We tend to tune in to local BBC radio stations when we’re away in Guillaume, for weather forecasts, mainly. Whilst listening to BBC Radio Solent, we heard them banging on about what seems to be a minor historic event. and today’s the day. At about 5:15 AM, all three of Cunard’s fleet, Queen Elizabeth, Queen Victoria and Queen Mary 2 sailed into Southampton Water. The three are together to mark the 10th anniversary of the Cunard flagship, QM2.
As a person not into matters maritime, I found the most interesting aspect stemming from the discussions by various contributors to be the drawing of a distinction between ships and liners. QM2 is, apparently, an ocean liner; actually the world’s only currently serving ocean liner. On the other hand, her two sisters, Queen Victoria and Queen Elizabeth, are cruise ships. Good ol’ BBC Radio Solent presenters were nattering to QM2’s designer who explained that the difference lies in the design and construction. Liners are much more strongly built with a thicker hull, in QM2’s case up to 38mm of steel, whereas cruise ships are more lightly (and more cheaply) constructed with something more like 18mm of steel in the hull. There are other design differences, such as a liner having a deeper draught for stability, and wave-piercing bows but these various differences really stem from usage. Liners are designed to carry passengers from A to B in all weathers, the classic journey being a north Atlantic crossing. The cruise ships are more of a booze cruise affair, taking hoards of drunken, over-fed tourists around the Mediterranean or Caribbean ports. Live and learn!
We weren’t up at the crack of sparrow fart to see the spectacular arrival of all three Queens but we did pop down to Hythe, which lies opposite Southampton docks, to have a look at the ships in port. Southampton harbour being a less than attractive setting, frankly I was underwhelmed, but here’s a snap anyway, just for the record. (That’s Queen Victoria distant left, QM2 stern on dead centre and Queen Elizabeth on the right.)
After staring at the three floating hotels for a while, we headed out for Lepe Country Park but the high winds at the coast made the prospect of getting out of the car and walking somewhat less than appealing. Instead, we continued along the country lane that is the coast road at this point and eventually drove into Exbury, whereupon Francine mentioned Exbury Gardens. Exbury Gardens is another of the Rothschild estates, this one formerly of Lionel de Rothschild. There being little better in prospect by way of diversion, even I, a non-gardener, suggested we might go in for a visit. While we were parked attacking our lunch, we were entertained by an charismatic narrow gauge steam locomotive called Mariloo tasked with pulling open carriages loaded with tourists around part of the estate.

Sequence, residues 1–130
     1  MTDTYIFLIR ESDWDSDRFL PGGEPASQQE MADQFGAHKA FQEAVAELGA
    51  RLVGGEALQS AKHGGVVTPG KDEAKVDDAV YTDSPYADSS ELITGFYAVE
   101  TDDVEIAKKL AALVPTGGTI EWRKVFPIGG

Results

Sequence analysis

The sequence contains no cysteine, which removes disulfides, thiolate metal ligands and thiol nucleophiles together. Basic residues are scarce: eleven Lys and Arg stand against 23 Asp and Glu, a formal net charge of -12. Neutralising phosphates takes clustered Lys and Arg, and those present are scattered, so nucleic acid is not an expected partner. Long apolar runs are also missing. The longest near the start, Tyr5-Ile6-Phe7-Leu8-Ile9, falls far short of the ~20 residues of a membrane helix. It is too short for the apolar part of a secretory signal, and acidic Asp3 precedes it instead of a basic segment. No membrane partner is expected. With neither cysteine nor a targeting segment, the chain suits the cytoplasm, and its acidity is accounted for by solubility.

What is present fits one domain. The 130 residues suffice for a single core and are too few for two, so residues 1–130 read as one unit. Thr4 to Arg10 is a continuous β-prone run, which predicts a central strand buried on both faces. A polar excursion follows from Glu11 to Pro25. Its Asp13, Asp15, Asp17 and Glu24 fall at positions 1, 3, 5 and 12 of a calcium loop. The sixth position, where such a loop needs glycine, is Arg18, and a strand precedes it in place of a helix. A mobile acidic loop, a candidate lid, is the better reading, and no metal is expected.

Lionel de Rothschild devoted his estate to his botanical passion, the rhododendron. Exbury Gardens now looks like a living rhododendron museum. Westonbirt may be the National Arboretum but this place would richly deserve the tag, National Rhododendron Collection. The sheer number and variety, in terms of colours and sizes, of this Victorian-led invasive species on show here is nothing short of jaw-dropping. Invasive or not, I could understand the Victorian attraction to these plants and even I had to admit that the display was very attractive, despite some of the specimens being well past their best. From above, I imagine the garden would resemble a 2km2 (my estimate) artist’s palette. Francine even found a couple of patches of two orchid species, one of which was certainly Green-winged Orchid, growing in a couple of areas. The garden also had number of very well executed water features but we won’t mention dragonflies, this time. 😀
I’m struggling to think of a more impressive garden that I’ve seen. Of course, I haven’t actually seen that many. We do live near a couple of other former Rothschild properties, though, and Exbury certainly puts them in the shade.